Cryptocurrencies are digital or virtual currencies underpinned by cryptographic systems. They enable secure online payments without the use of third-party intermediaries. “Crypto” refers to the various encryption algorithms and cryptographic techniques that safeguard these entries, such as elliptical curve encryption, public-private key pairs, and hashing functions. Cryptocurrencies can be mined or purchased from cryptocurrency exchanges. Not all eCommerce sites allow purchases using cryptocurrencies. In fact, cryptocurrencies, even popular ones like Bitcoin, are hardly used for retail transactions.
What is Cryptocurrency?
A cryptocurrency is a digital or virtual currency that is secured by cryptography, which makes it nearly impossible to counterfeit or double-spend. Many cryptocurrencies are decentralized networks based on blockchain technology—a distributed ledger enforced by a disparate network of computers. A defining feature of cryptocurrencies is that they are generally not issued by any central authority, rendering them theoretically immune to government interference or manipulation.
Central to the appeal and functionality of Bitcoin and other cryptocurrencies is blockchain technology. As its name indicates, a blockchain is essentially a set of connected blocks or an online ledger. Each block contains a set of transactions that have been independently verified by each member of the network. Every new block generated must be verified by each node before being confirmed, making it almost impossible to forge transaction histories. The contents of the online ledger must be agreed upon by the entire network of an individual node, or computer maintaining a copy of the ledger.
Types of Cryptocurrency
Bitcoin is the most popular and valuable cryptocurrency. An anonymous person called Satoshi Nakamoto invented it and introduced it to the world via a white paper in 2008. There are thousands of cryptocurrencies present in the market today. Each cryptocurrency claims to have a different function and specification. For example, Ethereum’s ether markets itself as gas for the underlying smart contract platform. Ripple’s XRP is used by banks to facilitate transfers between different geographies. Bitcoin, which was made available to the public in 2009, remains the most widely traded and covered cryptocurrency. As of November 2021, there were over 18.8 million bitcoins in circulation with a total market cap of around $1.2 trillion. Only 21 million bitcoins will ever exist.
Is Cryptocurrency Legal?
Fiat currencies derive their authority as mediums of the transaction from the government or monetary authorities. For example, each dollar bill is backstopped by the Federal Reserve. But cryptocurrencies are not backed by any public or private entities. Therefore, it has been difficult to make a case for their legal status in different financial jurisdictions throughout the world. It doesn’t help matters that cryptocurrencies have largely functioned outside most existing financial infrastructure. The legal status of cryptocurrencies has implications for their use in daily transactions and trading. In June 2019, the Financial Action Task Force (FATF) recommended that wire transfers of cryptocurrencies should be subject to the requirements of its Travel Rule, which requires AML compliance. As of December 2021, El Salvador was the only country in the world to allow Bitcoin as legal tender for monetary transactions. In the rest of the world, cryptocurrency regulation varies by jurisdiction.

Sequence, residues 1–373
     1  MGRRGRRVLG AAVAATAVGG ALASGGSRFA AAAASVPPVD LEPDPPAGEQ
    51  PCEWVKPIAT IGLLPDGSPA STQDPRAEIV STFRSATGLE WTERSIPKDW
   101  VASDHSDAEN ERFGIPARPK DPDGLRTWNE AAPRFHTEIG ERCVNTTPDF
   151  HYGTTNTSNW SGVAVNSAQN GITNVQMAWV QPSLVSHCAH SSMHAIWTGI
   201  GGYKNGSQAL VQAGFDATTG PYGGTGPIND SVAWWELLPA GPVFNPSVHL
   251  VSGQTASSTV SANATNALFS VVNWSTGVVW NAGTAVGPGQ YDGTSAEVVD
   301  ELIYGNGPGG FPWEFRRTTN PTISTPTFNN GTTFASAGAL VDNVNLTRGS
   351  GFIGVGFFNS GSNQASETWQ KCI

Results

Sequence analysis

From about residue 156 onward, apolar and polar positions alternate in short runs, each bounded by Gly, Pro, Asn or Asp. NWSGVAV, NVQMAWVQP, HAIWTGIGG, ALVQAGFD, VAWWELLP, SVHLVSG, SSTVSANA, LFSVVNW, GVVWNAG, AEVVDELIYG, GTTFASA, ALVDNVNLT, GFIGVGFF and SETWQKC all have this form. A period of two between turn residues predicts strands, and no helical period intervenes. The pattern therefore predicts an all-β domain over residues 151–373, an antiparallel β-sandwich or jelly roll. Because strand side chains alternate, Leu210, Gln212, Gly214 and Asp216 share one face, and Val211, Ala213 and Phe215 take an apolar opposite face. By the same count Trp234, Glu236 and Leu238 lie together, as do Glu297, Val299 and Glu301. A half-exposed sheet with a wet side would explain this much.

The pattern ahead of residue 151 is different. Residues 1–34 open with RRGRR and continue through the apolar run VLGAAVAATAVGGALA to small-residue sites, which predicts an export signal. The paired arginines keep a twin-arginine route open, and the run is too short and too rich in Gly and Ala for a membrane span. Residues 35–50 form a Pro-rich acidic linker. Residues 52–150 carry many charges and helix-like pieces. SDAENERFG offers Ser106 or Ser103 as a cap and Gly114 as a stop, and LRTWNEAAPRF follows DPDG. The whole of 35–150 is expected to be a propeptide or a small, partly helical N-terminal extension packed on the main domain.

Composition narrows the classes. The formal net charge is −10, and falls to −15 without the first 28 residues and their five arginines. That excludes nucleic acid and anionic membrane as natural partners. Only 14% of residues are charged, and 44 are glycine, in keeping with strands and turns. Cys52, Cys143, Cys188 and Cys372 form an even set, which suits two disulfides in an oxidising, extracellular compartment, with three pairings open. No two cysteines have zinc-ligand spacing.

Future of Cryptocurrency
A cryptocurrency that aspires to become part of the mainstream financial system may have to satisfy widely divergent criteria. It would need to be mathematically complex (to avoid fraud and hacker attacks) but easy for consumers to understand; decentralized but with adequate consumer safeguards and protection; and preserve user anonymity without being a conduit for tax evasion, money laundering, and other nefarious activities. Since these are formidable criteria to satisfy, is it possible that the most popular cryptocurrency in a few years could have attributes that fall in between heavily-regulated fiat currencies and today’s cryptocurrencies?
The emergence of Bitcoin has sparked a debate about its future and that of other cryptocurrencies. Despite Bitcoin’s recent issues, its success since its 2009 launch has inspired the creation of alternative cryptocurrencies such as Ethereum, Litecoin, and Ripple. A cryptocurrency that aspires to become part of the mainstream financial system would have to satisfy very divergent criteria. While that possibility looks remote, there is little doubt that Bitcoin’s success or failure in dealing with the challenges it faces may determine the fortunes of other cryptocurrencies in the years ahead.